About Vipassana

Insight meditation or vipassana in Pali [the original language of the Buddhist texts] is a simple and direct practice — the moment-to-moment observation of the mind-body process through calm, focused awareness. Seeing life as a constantly changing process, one begins to accept pleasure and pain, fear and joy, and all aspects of life with increasing equanimity and balance. As insight deepens, wisdom and compassion arise. Growth in clarity brings about penetrating insight into the nature of our experience and increases peace and clarity in our daily lives. With this comes an increased awareness that at all times we are practicing not just for ourselves but also for the benefit of all beings.

Along with vipassana the Buddha taught metta as a complementary practice to Insight Meditation. Metta, the Pali word for loving-kindness, is a meditation that helps to cultivate our natural capacity to have an open and loving heart. Metta is traditionally offered along with meditations that deepen compassion, joy in the happiness of others, and equanimity. These practices aid the development of concentration, happiness, and a greater ability to love.

The vipassana practice originates in the Theravada tradition, which is the oldest of the three main branches of Buddhism. It has been taught in Asia for more than 2,500 years and continues to be the core Buddhist practice in Thailand, Laos, Cambodia, Burma, Sri Lanka, and parts of India. Vipassana meditation was brought to the United States by Western lay practitioners in the 1970s, and it is often referred to as Western Vipassana.

Although the word dharma can have many meanings, it generally means those timeless teachings of the Buddha that awaken our potential for happiness. It also refers to the truth of things as they are. Therefore everything is dharma, and everything is of a lawful nature.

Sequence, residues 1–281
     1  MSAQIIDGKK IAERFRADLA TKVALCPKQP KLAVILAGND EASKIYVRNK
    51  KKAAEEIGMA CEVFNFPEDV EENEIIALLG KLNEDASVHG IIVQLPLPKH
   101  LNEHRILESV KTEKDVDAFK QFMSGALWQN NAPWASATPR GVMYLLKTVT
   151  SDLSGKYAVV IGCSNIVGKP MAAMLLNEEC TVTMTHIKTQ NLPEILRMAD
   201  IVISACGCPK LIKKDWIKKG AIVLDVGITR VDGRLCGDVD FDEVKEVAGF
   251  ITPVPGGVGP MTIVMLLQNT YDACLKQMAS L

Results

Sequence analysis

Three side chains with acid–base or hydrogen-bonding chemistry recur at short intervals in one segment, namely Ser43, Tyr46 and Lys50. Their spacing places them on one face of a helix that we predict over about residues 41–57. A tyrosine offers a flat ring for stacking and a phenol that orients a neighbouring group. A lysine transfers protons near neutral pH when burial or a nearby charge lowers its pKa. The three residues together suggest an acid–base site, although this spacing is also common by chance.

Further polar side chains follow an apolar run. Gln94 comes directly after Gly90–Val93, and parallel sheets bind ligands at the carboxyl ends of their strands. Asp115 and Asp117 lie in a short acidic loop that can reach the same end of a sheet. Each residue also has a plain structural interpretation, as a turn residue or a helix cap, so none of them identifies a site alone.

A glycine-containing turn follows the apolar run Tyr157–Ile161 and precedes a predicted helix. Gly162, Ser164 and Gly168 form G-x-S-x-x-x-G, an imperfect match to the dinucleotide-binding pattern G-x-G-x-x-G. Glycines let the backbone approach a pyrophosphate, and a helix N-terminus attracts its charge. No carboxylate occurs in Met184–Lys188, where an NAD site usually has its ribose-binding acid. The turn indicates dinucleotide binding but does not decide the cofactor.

Sangha is a community of people who practice meditation together and are committed to the teachings of the Buddha in the form of the Eight-fold Path. Sangha historically referred to the monks and nuns, but now has the broader meaning of the entire community of practitioners.

Dana is the Pali word for “generosity” or “gift.” It is intrinsic to the Buddhist tradition. The Buddha stated that the teachings were priceless, and thus should be offered freely to those seeking the wisdom of the dharma. The act of giving itself is of immeasurable benefit to the giver, opening the heart, diminishing one’s self-absorption, and valuing the well-being of others. Each week we are given the opportunity to offer such a gift to our teacher in appreciation for his or her willingness to impart this wisdom. There is no suggested amount, since dana is not a payment for a service, but rather a way of inspiring both gratitude and generosity in our hearts. Notice: SFVS can no longer accept checks made out to SFVS intended as dana to our teachers. Dana checks must be made out directly to the teacher. We no longer can act as a pass-through.

This glossary from the Insight Meditation Society includes many additional Buddhist terms used in the Vipassana tradition.